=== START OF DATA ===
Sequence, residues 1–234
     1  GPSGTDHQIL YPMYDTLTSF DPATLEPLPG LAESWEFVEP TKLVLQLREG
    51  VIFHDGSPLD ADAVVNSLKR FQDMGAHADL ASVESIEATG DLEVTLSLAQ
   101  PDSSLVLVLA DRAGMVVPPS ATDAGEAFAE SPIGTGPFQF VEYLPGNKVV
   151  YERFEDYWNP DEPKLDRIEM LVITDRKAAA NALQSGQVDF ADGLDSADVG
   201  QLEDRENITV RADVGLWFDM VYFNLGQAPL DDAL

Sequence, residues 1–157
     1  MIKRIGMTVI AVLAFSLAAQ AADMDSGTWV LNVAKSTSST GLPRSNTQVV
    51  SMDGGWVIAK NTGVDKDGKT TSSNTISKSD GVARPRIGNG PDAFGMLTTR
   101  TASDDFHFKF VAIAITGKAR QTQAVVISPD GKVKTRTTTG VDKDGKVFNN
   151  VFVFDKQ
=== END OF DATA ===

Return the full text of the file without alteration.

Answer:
Sequence, residues 1–234
     1  GPSGTDHQIL YPMYDTLTSF DPATLEPLPG LAESWEFVEP TKLVLQLREG
    51  VIFHDGSPLD ADAVVNSLKR FQDMGAHADL ASVESIEATG DLEVTLSLAQ
   101  PDSSLVLVLA DRAGMVVPPS ATDAGEAFAE SPIGTGPFQF VEYLPGNKVV
   151  YERFEDYWNP DEPKLDRIEM LVITDRKAAA NALQSGQVDF ADGLDSADVG
   201  QLEDRENITV RADVGLWFDM VYFNLGQAPL DDAL

Sequence, residues 1–157
     1  MIKRIGMTVI AVLAFSLAAQ AADMDSGTWV LNVAKSTSST GLPRSNTQVV
    51  SMDGGWVIAK NTGVDKDGKT TSSNTISKSD GVARPRIGNG PDAFGMLTTR
   101  TASDDFHFKF VAIAITGKAR QTQAVVISPD GKVKTRTTTG VDKDGKVFNN
   151  VFVFDKQ